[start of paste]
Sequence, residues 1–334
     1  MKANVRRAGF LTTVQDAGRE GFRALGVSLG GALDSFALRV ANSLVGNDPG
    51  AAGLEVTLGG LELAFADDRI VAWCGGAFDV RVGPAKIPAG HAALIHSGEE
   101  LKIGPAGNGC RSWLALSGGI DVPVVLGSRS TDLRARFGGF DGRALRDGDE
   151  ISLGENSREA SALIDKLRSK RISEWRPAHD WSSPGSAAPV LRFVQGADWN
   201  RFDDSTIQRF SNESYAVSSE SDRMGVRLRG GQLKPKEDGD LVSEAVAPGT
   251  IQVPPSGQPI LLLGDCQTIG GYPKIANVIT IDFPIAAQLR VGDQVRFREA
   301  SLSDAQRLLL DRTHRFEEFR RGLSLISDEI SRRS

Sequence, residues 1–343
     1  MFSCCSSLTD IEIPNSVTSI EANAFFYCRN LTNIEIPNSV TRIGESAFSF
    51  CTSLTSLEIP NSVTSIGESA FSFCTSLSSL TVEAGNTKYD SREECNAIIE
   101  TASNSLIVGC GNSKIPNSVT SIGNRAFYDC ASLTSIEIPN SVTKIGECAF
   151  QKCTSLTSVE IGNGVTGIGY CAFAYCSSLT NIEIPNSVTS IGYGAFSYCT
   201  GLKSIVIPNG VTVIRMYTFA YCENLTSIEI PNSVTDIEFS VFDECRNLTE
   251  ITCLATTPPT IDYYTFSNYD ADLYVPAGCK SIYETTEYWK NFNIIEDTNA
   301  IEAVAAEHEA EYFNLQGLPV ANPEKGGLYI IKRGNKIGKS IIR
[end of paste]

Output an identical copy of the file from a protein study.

Sequence, residues 1–334
     1  MKANVRRAGF LTTVQDAGRE GFRALGVSLG GALDSFALRV ANSLVGNDPG
    51  AAGLEVTLGG LELAFADDRI VAWCGGAFDV RVGPAKIPAG HAALIHSGEE
   101  LKIGPAGNGC RSWLALSGGI DVPVVLGSRS TDLRARFGGF DGRALRDGDE
   151  ISLGENSREA SALIDKLRSK RISEWRPAHD WSSPGSAAPV LRFVQGADWN
   201  RFDDSTIQRF SNESYAVSSE SDRMGVRLRG GQLKPKEDGD LVSEAVAPGT
   251  IQVPPSGQPI LLLGDCQTIG GYPKIANVIT IDFPIAAQLR VGDQVRFREA
   301  SLSDAQRLLL DRTHRFEEFR RGLSLISDEI SRRS

Sequence, residues 1–343
     1  MFSCCSSLTD IEIPNSVTSI EANAFFYCRN LTNIEIPNSV TRIGESAFSF
    51  CTSLTSLEIP NSVTSIGESA FSFCTSLSSL TVEAGNTKYD SREECNAIIE
   101  TASNSLIVGC GNSKIPNSVT SIGNRAFYDC ASLTSIEIPN SVTKIGECAF
   151  QKCTSLTSVE IGNGVTGIGY CAFAYCSSLT NIEIPNSVTS IGYGAFSYCT
   201  GLKSIVIPNG VTVIRMYTFA YCENLTSIEI PNSVTDIEFS VFDECRNLTE
   251  ITCLATTPPT IDYYTFSNYD ADLYVPAGCK SIYETTEYWK NFNIIEDTNA
   301  IEAVAAEHEA EYFNLQGLPV ANPEKGGLYI IKRGNKIGKS IIR